Bionics Lab › Research > Surgical Robotics > Surgery Project 7

The Kinematics and the Dynamics of Minimally Invasive surgery - Objective Assessment of Surgical Performance Using Markov Models


Minimally invasive surgery (MIS) involves a multidimensional series of tasks requiring a synthesis between visual information and the kinematics and dynamics of the surgical tools. Analysis of these sources of information is a key step in defining objective criteria for characterizing surgical performance.

The Blue DRAGON is a new system for acquiring the kinematics and the dynamics of two endoscopic tools synchronized with the endoscopic view of the surgical scene. Modeling the process of MIS using a finite state model [Markov model (MM)] reveals the internal structure of the surgical task and is utilized as one of the key steps in objectively assessing surgical performance.

The experimental protocol includes tying an intracorporeal knot in a MIS setup performed on an animal model (pig) by 30 surgeons at different levels of training including expert surgeons. An objective learning curve was defined based on measuring quantitative statistical distance (similarity) between MM of experts and MM of residents at different levels of training. The objective learning curve was similar to that of the subjective performance analysis.

The MM proved to be a powerful and compact mathematical model for decomposing a complex task such as laparoscopic suturing. Systems like surgical robots or virtual reality simulators in which the kinematics and the dynamics of the surgical tool are inherently measured may benefit from incorporation of the proposed methodology.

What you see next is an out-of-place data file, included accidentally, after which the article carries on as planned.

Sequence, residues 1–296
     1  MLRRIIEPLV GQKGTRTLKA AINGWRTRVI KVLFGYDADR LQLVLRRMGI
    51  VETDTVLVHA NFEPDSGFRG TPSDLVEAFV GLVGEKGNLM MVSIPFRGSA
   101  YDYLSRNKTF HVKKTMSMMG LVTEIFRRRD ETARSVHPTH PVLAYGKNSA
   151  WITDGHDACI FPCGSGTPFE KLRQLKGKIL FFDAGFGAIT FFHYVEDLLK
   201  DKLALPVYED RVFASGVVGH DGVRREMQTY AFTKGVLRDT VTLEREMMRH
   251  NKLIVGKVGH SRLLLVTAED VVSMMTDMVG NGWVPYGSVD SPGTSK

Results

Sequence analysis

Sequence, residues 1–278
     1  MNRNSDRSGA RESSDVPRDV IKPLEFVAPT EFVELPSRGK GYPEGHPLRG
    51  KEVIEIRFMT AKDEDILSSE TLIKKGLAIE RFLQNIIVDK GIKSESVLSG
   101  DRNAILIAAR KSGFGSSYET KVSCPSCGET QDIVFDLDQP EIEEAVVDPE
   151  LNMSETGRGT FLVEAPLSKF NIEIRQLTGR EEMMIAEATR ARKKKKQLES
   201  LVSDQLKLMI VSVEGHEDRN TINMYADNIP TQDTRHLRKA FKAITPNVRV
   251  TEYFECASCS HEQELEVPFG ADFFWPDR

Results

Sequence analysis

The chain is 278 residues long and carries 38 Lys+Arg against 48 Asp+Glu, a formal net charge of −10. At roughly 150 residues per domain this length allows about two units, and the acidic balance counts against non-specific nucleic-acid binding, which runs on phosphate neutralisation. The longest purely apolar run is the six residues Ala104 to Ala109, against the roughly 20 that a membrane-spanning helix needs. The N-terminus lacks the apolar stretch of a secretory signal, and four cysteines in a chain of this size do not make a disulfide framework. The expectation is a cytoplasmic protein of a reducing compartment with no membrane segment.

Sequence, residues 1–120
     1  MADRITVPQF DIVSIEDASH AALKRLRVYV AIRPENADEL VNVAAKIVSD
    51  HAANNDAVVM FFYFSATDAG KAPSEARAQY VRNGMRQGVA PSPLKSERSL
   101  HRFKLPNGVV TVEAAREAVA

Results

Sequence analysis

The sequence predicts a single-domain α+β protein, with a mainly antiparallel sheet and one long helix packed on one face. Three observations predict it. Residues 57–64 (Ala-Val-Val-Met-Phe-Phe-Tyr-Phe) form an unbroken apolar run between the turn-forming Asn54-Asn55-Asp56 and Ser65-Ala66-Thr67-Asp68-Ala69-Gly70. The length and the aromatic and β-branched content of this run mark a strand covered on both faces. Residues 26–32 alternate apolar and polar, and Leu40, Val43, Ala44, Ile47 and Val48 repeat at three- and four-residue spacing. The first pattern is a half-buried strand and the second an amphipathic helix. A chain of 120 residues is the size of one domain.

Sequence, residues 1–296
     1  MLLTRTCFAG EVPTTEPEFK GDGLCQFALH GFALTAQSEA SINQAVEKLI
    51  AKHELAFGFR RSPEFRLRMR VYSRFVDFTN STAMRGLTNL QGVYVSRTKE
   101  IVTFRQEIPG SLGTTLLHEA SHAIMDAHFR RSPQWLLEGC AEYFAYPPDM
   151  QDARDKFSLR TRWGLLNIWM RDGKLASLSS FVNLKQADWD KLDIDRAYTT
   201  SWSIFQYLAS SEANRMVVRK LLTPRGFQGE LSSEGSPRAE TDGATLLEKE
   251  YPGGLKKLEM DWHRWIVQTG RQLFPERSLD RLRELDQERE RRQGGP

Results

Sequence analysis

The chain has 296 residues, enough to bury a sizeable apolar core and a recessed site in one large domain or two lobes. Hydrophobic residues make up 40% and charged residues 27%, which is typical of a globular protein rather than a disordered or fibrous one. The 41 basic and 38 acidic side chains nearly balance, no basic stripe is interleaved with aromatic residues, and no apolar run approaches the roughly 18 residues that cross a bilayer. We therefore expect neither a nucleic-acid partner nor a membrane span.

The Blue Dragon System (Overeview)

Blue DRAGON System

Blue DRAGON - Graphical User Interface (GUI)

Endoscopic Suturing - First year resident (R1)


Endoscopic Suturing - Expert Surgeon (E)


Markov Model

State Definitions (selected video clips)

The objective methodology for assessing skill while performing a procedure is inspired by the analogy between the human spoken language and surgery. Further analysis of this concept indicates that these two domains share similar taxonomy and internal etymological structure that allows a mathematical description of the process by using quantitative models. Such models can be further used to objectively assess skill level by revealing the internal structure and dynamics of the process. This analogy is enhanced by the fact that in both the human language and in surgery, an idea can be expressed and a procedure can be preformed in several different ways while retaining the same cognitive meaning or outcome. This fact suggests that a stochastic approach might describe the surgical or medical examination processes incorporating the inherent variability better then a determinist approach.